Conference Against Hindu Ideologies Slammed as 'Open Declaration of Hate Against India'
07:17 GMT 12.09.2021 (Updated: 10:39 GMT 19.07.2022)
A virtual conference organised by an anonymous group, believed to be based out of the US, from 10 September to 12 September titled "Dismantling Global Hindutva'. The conference has led to outrage in India, with several organisations seeking its cancellation. It is being seen as an attempt to "whip up paranoia against Hindutva in the US".
A three-day global academic conference "Dismantling Global Hindutva", which is believed to have been co-sponsored by over 50 top universities from around the world, has led to outrage in India, with senior leaders decrying it as an "open declaration of hate against India."
The conference, which claims to look into issues relating to the "Hindu supremacist ideology" from a scholarly perspective has been supported by the Universities of Stanford, Harvard, Princeton, Cornell, and Northwestern University.
Hindutva refers to a century-old right-wing movement that seeks to create an ethnic Hindu state out of India, where the Muslim community is the second largest after Hindus in the country, numbering over 200 million people
according to the US-based Council on Foreign Relations.
The event, which is being slammed in India, has been marred by sustained online campaigns against it. The event organisers said earlier that they had been harassed and intimidated by several Hindu groups, many of whom had threatened violence.
Several groups, both in India and abroad, have decried the conference as "Hinduphobic" and demanded that it be banned from being held. The organisers said in a statement that several of the universities and departments sponsoring the event were under "immense pressure" to back out of it. They also insist that the conference only seeks to address the global implications of Hindutva and develop resources for an anti-Hindutva pedagogy in academia.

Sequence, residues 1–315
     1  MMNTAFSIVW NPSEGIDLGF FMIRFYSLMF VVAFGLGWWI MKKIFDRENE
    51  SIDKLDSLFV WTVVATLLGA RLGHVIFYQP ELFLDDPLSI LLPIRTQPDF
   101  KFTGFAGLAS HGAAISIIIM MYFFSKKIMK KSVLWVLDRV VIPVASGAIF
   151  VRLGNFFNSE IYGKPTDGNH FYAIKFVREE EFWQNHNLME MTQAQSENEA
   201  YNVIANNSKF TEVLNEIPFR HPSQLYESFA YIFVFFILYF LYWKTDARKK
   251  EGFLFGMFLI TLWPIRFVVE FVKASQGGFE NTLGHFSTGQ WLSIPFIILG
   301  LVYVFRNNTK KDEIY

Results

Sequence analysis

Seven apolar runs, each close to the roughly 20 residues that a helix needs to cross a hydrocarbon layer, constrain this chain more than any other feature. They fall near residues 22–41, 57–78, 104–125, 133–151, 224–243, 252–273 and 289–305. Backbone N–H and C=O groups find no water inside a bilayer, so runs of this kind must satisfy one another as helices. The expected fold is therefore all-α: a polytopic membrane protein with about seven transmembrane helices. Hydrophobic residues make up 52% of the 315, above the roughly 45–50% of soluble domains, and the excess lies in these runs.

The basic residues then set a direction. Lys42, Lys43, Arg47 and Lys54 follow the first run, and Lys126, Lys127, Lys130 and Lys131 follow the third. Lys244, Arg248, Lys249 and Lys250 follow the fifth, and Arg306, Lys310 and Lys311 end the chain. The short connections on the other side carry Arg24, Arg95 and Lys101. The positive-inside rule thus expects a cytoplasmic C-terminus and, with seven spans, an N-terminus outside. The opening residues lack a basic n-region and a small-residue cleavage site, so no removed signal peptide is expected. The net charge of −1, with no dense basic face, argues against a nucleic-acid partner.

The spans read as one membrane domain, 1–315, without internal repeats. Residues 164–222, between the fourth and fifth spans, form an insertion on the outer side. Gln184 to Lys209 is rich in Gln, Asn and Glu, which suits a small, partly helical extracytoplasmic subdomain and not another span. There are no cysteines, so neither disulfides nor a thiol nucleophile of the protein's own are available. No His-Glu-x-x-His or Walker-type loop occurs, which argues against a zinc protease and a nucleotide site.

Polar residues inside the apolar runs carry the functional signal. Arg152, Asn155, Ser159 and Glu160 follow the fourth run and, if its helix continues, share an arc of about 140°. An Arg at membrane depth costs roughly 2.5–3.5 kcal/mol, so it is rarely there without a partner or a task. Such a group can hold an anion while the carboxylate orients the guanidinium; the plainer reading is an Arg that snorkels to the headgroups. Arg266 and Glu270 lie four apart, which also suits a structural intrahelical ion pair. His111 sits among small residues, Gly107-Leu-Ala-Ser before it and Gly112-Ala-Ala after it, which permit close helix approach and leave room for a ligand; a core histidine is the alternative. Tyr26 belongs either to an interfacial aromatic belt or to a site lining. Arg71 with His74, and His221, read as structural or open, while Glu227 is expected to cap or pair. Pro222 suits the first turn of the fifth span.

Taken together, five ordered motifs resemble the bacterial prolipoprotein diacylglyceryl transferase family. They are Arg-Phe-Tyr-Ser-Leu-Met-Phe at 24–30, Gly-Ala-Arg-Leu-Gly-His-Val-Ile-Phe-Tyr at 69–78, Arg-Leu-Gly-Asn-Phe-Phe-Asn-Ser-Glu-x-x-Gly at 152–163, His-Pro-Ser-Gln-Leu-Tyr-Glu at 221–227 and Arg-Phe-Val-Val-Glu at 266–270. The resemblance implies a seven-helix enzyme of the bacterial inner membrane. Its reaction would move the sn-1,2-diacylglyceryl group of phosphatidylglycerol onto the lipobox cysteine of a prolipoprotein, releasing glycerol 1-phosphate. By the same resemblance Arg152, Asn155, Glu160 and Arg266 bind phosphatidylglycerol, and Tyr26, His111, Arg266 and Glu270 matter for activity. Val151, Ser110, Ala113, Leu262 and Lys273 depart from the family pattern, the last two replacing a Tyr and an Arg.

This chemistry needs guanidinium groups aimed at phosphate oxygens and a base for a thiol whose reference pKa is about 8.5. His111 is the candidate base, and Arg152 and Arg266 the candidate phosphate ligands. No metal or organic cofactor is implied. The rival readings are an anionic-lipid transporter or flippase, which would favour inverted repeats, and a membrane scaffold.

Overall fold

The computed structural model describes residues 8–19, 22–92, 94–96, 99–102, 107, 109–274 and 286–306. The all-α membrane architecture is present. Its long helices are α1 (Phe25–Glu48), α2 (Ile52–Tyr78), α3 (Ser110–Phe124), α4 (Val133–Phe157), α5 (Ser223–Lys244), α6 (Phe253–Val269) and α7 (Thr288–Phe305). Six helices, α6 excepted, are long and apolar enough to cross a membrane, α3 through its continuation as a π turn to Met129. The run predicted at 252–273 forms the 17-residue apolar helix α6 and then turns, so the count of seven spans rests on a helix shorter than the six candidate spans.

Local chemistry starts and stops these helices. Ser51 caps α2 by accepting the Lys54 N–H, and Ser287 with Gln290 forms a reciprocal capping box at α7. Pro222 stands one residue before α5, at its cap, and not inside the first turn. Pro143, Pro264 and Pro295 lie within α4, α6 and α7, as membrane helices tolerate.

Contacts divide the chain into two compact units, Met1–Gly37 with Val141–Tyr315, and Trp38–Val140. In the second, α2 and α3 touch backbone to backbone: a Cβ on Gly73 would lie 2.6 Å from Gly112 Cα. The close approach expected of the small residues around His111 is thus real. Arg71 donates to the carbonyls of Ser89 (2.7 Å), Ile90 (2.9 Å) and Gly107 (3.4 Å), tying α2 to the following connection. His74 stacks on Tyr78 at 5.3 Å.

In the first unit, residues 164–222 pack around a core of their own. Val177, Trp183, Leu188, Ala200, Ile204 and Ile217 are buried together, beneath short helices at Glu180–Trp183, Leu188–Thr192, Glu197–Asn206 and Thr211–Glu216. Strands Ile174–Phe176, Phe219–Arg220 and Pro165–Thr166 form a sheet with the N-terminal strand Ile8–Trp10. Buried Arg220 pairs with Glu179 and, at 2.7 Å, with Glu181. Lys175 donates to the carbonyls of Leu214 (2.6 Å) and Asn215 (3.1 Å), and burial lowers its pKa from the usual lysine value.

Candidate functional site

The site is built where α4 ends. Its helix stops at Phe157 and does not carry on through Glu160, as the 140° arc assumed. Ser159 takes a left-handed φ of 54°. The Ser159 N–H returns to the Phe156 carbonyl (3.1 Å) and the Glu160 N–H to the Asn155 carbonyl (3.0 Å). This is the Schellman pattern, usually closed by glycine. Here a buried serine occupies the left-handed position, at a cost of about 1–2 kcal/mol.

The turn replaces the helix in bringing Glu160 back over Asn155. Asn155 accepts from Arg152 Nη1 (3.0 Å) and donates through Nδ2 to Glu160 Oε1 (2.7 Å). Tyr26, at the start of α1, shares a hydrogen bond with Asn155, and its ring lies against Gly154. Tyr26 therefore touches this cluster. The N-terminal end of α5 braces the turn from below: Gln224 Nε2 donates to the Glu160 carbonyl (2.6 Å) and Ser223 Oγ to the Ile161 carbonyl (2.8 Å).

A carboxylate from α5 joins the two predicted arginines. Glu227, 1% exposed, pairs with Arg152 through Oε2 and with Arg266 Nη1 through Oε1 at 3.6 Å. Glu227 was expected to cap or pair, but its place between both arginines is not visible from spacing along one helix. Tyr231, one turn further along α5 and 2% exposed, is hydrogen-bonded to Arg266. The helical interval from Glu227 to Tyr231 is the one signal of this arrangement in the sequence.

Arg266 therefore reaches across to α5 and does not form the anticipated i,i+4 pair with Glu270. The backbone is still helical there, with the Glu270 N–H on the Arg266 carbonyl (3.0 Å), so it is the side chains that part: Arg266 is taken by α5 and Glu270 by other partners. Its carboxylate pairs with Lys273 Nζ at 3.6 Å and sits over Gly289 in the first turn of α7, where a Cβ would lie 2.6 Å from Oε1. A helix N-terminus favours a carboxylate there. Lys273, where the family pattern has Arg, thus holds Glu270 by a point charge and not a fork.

In recent days, several participants have been forced to withdraw from the event, fearing that they will not be permitted to enter India, The Guardian reported.
On Saturday, the Indian federal minister for environment, forest and climate change and a senior BJP leader, Bhupender Yadav blasted the conference, describing it as "an open declaration of hate against India".
Though the conference claims to be a huge success, Ashwani Mahajan, national convenor of Swadeshi Jagran Manch, a wing of Rashtriya Swayamsewak Sangh (RSS) which is considered the ideological parent of BJP, called it "No Big Bang". He said that the conference had "no more than 600-700 YouTube viewers at a time."